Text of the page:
One of the topics I get a lot of questions about when speaking to clients is the trade war. They want to know what I think and whether whatever they’ve read in the latest headline will make a big difference. It has been a remarkably consistent question, through all the ups and downs, and the only difference is what exactly the latest headline is. My answer has also been consistent. I think the trade war is a big deal, but the latest headline doesn’t really matter. Why? Because the damage has already been done. It will just take a while to show up.
The global supply chain
To see what I mean, imagine you are Tim Cook, CEO of Apple. It could be any company with a global supply chain, but let’s use Apple. What was Cook’s reaction when he found out his whole supply chain, and thus his whole company, could be blown up with a tweet? Did he sit back and say with a sigh and perhaps a tear in his eye, “Well, that’s that. We had a good run here at Apple. Maybe I should try music again.” Or did he get his team into the room and say in no uncertain terms, “We have a problem here that we have to fix now. I want our supply chain as diversified and bulletproof to trade issues as we can get it, and I want it done as soon as possible.” I suspect the answer was the latter, and my answer to clients’ questions is based on the consequences of these types of decisions.
If you have a global supply chain, it means you have carefully selected your production facilities so that they are the most efficient, and likely cheapest, that you can find. You have centralized as much as you can to take advantage of scale and put them in areas where similar facilities are clustered. You have optimized everything as much as you possibly can and squeezed every penny and second out of the process. Your system is as efficient as you can make it.
Now, however, you must take this carefully designed system and break it. You have to find similar—but, by definition, less efficient (otherwise you would have already been using them)—facilities that are less exposed to political trade risks. You will become less efficient overall, and your costs will go up, because you have no choice. To insure against political risk, you have to become less economically optimal.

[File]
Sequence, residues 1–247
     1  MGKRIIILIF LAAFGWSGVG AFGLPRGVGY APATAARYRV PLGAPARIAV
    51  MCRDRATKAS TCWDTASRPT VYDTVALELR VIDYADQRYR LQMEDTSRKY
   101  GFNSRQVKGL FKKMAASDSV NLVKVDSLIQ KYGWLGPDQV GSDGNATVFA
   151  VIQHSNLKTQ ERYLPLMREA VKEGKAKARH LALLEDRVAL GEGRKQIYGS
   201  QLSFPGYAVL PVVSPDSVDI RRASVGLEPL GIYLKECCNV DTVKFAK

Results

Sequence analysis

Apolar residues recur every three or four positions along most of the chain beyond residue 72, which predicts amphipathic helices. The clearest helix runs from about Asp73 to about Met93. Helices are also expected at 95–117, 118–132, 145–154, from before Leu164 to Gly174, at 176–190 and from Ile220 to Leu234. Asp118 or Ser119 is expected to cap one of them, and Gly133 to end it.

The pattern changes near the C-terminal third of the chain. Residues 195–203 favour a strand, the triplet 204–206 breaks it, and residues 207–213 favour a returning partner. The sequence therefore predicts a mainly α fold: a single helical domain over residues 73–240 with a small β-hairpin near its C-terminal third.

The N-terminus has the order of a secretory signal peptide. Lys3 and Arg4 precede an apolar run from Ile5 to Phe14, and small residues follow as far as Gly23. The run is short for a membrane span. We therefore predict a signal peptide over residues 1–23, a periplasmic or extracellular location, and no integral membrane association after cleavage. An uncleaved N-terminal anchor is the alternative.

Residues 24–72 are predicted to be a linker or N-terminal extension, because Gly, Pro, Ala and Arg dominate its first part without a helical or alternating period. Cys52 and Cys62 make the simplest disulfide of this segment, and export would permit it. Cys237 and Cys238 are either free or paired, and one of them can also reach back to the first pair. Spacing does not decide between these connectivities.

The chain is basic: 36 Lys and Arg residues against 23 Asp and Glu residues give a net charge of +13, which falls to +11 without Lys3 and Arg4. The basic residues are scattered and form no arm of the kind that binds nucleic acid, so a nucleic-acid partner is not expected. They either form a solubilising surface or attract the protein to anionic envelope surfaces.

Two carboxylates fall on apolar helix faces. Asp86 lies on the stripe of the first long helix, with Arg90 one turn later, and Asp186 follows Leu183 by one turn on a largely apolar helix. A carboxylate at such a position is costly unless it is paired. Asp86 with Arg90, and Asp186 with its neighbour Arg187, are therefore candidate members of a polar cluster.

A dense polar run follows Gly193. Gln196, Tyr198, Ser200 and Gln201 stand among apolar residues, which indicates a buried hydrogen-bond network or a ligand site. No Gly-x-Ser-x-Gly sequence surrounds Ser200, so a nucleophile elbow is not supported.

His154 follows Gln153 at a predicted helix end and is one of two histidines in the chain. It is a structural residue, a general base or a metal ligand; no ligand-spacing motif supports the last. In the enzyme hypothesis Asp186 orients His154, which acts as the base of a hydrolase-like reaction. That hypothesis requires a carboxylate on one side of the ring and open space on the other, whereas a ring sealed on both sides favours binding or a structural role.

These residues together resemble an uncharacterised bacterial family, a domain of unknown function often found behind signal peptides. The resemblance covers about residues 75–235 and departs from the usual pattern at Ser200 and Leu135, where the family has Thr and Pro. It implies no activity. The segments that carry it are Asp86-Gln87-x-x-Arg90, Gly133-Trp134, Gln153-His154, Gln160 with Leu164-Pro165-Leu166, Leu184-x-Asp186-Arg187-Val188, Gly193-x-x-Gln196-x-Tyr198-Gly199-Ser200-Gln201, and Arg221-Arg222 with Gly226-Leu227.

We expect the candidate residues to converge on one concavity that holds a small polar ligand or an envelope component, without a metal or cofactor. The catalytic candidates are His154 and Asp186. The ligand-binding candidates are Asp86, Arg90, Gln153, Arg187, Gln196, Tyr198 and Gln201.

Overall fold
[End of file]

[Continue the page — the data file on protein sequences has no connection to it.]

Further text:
We're not talking about just Apple but every company with a global supply chain, which includes all the manufacturers, all the retailers, and so on. This forced decision will reverberate throughout the economy over the next several years as companies make these adjustments. The process will take time, and the effects will show up slowly. But show up they will.
Looking beyond the U.S.
This situation isn’t just about the U.S., either. Recent headlines have questioned whether China will continue to buy food from the U.S. This year, it may and probably will. But China now has a rock-bottom incentive to diversify its food sources away from the U.S. over time, even if it is more expensive. Brazil and Argentina, to name just two, are likely to get quite a bit more of China’s business over the next several years. Again, the effects will take time to show up—but they will.
This outcome is what I was talking about last year, at Commonwealth’s National Conference, and here on the blog. Politics is forcing a move away from economically optimal solutions, and there will be costs.
The damage is done
This shift helps explain why the headlines don’t matter, and why the damage is already done. Assume the U.S. and China come to some sort of an agreement. Would that change Apple’s decision, or China’s? No, because the risk remains. Just because a risk has subsided, it doesn’t mean it can be ignored.
When you think about the trade war and read the news, keep the real story in mind. That story is taking place in boardrooms around the world, as companies change their plans, not in meetings between government negotiators.